The whole superstructure of Indian government’s citizenship amendment bill, now enacted, is erected on claim that religious minorities have been brutally persecuted and still face discrimination in Pakistan since 1947 and also in Bangladesh, and Afghanistan. The persecution hypothesis is based on faulty statistics. India’s Union Home Minister Amit Shah claimed non-Muslims comprised 23 per cent of Pakistan’s population at the time of independence. By 2011, their proportion dropped to 3.7 per cent. Concerning Bangladesh, he claimed that Muslims comprised 22 per cent of population and their proportion in 2011 fell to 7.8 per cent in 1947. He insisted Pakistan and Bangladesh have witnessed a decline of up to 20 percentage points in their populations of religious minorities. But how true are his figures?
Adulterated figures: The BJP used the 23 per cent figure of non-Muslims in Bangladesh (erstwhile East Pakistan) in 1951 and compared it with the 3.7 per cent figure of non-Muslims in Pakistan in 1998. This adulteration of figures led to fallacy that population share of non-Muslims fell from 23 per cent to 3.7 per cent in Pakistan.
Myth of religious persecution: Not only non-Muslims but also Muslims migrated from Bangladesh to India. Better economic opportunities in India was the dominant lure for both non-Muslims and Muslims alike.
BJP quoted no source: India’s home minister did not quote source of his data. He probably picked up the figure from Farahnaz Ispahani’s article titled ‘Cleansing Pakistan of Minorities’ published by the Hudson Institute in 2013. She also did not quote source of her data. Naz is Hussein Haqqani’s wife. Be it noted please that she is married to Husain Haqqani, a senior fellow and director for South and Central Asia at Hudson Institute. After resigning as Pakistan’s ambassador to the USA, Haqqani kept participating in functions that portray Pakistan in poor light. A judicial commission’s report (Memo Gate) alleged that he was not loyal to Pakistan.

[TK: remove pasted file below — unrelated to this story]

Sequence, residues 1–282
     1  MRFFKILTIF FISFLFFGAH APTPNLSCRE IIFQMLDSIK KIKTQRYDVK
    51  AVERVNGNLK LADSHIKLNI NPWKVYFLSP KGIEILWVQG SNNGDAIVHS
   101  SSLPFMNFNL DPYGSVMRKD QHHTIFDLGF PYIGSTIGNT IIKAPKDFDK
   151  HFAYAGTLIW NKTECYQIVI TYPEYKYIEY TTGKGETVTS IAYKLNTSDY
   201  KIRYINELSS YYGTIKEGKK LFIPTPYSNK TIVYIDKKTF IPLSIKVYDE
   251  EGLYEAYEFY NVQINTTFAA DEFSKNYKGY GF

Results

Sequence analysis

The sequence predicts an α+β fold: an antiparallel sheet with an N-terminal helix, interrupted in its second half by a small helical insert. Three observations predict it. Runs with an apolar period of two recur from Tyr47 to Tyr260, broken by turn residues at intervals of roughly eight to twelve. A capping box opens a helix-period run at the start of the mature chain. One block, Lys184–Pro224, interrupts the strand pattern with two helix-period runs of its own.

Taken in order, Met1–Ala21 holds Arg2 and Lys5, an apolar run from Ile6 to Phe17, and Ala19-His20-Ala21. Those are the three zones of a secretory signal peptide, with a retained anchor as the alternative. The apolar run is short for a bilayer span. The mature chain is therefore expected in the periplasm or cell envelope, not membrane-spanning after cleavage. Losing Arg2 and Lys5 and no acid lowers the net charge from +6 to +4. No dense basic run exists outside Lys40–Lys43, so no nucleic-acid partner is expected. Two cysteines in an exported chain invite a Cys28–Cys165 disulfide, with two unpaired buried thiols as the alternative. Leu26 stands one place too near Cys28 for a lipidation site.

Past Censuses: The only credible information emanates from 1951 Census to rely on. In West Pakistan, the non-Muslim population was just 3.44 per cent, while it was 23.20 per cent in East Pakistan (now Bangladesh). As per 1951Census, share of Muslims in Pakistan’s overall population was 85.80 per cent, while that of non-Muslims was 14.20 per cent.
In 1951, Muslims comprised 96.56 per cent of the total population in the territory that is today known as Pakistan. The next census in Pakistan was carried out in 1961 which indicated the non-Muslim population in West Pakistan had fallen to 2.83 per cent of West Pakistan’s total population.
By 1972 when Pakistan carried out its third census, East Pakistan had been liberated and was now known as Bangladesh. The 1972 census shows non-Muslims in Pakistan comprised 3.25 per cent of the total population. This was higher than their share in 1961.By the time the next census was done in 1981; Pakistan’s non-Muslim population registered a small rise from 3.25 per cent in 1972 to 3.30 per cent in 1981. After 1981Census, Pakistan did not carry out a fresh census for more than 15 years and the next census was carried out in 1998.As per this census, Pakistan’s non-Muslim population stood at 3.70 per cent of the total population in 1998. Pakistan carried out a fresh census in 2017 but its religious tables have not been published.
Inferences from West-Pakistan Census data: 1. Proportion of non-Muslims was never 23 per cent of Pakistan’s total population. 2. Non-Muslim population in undivided Pakistan was14.2 per cent in 1951. 3. Non-Muslims accounted for 3.44 per cent of the population in West Pakistan. 4. Census data show that share of non-Muslims in Pakistan remained 3.5 per cent over the decades. 5. No appreciable migration due to persecution.